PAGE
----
NEW YORK: It appears US journalists aren't very nice to PR pros, but of the world's reporters, they're the least likely media practitioners to accept freebies.
In a telephone poll of 50 PR pros in the US, not one said that journalists treat them with respect. One in five said journalists treat them in a hostile manner, while 70% said their behavior is one of balanced neutrality.
The poll was conducted by London-based marketing and communications firm Incepta, which spoke to 50 PR pros and 50 journalists in the US. It polled such pros in 18 other countries.
"We thought this was an important industry issue - the media's view of PR people and what their standing is in the eyes of the media," said Mirella Cameran, MD of New York-based PR firm The Red Consultancy USA, part of Incepta.
Aly Colon, ethics group leader at the Poynter Institute, a journalism think tank, said the relationship between the two is best "when each understands the job the other one has and both operate to do the best they can to provide the public with" necessary information.
In Italy, 64% of the PR pros said journalists treated them with respect. In Asia and South America that figure was 20%.
At the same time, every US journalist queried ranked PR a seven or eight on a scale of one to 10 in terms of its importance to the media process. (In Europe, 19% gave it a one).
"What's interesting is that while the media here sees PR people as valuable to the process, which is a good thing, PR people generally do worry about the way they're treated by journalists," said Cameran.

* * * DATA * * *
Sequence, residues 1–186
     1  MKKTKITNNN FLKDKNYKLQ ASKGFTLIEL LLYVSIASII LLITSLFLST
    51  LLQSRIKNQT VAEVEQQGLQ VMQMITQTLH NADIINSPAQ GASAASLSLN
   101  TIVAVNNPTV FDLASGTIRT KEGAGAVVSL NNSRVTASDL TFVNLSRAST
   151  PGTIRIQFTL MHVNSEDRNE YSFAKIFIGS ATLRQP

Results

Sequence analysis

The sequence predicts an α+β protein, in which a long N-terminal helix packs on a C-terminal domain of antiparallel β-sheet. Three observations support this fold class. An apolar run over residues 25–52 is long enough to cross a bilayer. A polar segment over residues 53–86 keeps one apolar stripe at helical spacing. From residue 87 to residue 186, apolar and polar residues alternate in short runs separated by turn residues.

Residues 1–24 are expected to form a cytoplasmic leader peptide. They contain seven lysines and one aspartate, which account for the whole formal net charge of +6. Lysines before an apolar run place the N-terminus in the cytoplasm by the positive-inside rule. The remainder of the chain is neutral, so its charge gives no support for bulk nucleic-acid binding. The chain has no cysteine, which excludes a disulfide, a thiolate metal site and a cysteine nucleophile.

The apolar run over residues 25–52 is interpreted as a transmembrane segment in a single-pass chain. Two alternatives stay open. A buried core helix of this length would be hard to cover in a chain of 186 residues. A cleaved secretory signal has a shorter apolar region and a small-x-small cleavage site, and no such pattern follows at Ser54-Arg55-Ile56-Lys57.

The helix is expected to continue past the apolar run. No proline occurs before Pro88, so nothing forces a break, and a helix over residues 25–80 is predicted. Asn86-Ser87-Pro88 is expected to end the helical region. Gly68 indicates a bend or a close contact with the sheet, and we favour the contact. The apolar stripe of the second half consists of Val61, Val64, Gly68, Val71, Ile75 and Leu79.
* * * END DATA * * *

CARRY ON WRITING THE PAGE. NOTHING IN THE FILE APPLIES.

US journalists were the least likely to expect expenses like food and drinks, transportation, and accommodations to be paid for by the PR rep (98% said they wouldn't expect that). In Europe, almost a third of journalists expected PR people to pay for food and drink.
Cameran said these differences are important to know, especially when doing global campaigns. "Some things that are fine and ethical in one country, aren't in others. With press trips in Europe you don't expect the press to pay."
The poll also found that 60% of US PR pros are unaware of their profession's codes governing their contact with journalists, such as those from the Council of PR Firms and the PRSA. The same number said they felt that relationship is better defined by an unwritten set of guidelines.
In each region, the number polled was split evenly between PR and media pros. They were polled in the UK (40), France (40), Italy (36), South America (30), Asia (30), and Hong Kong (20), along with the US.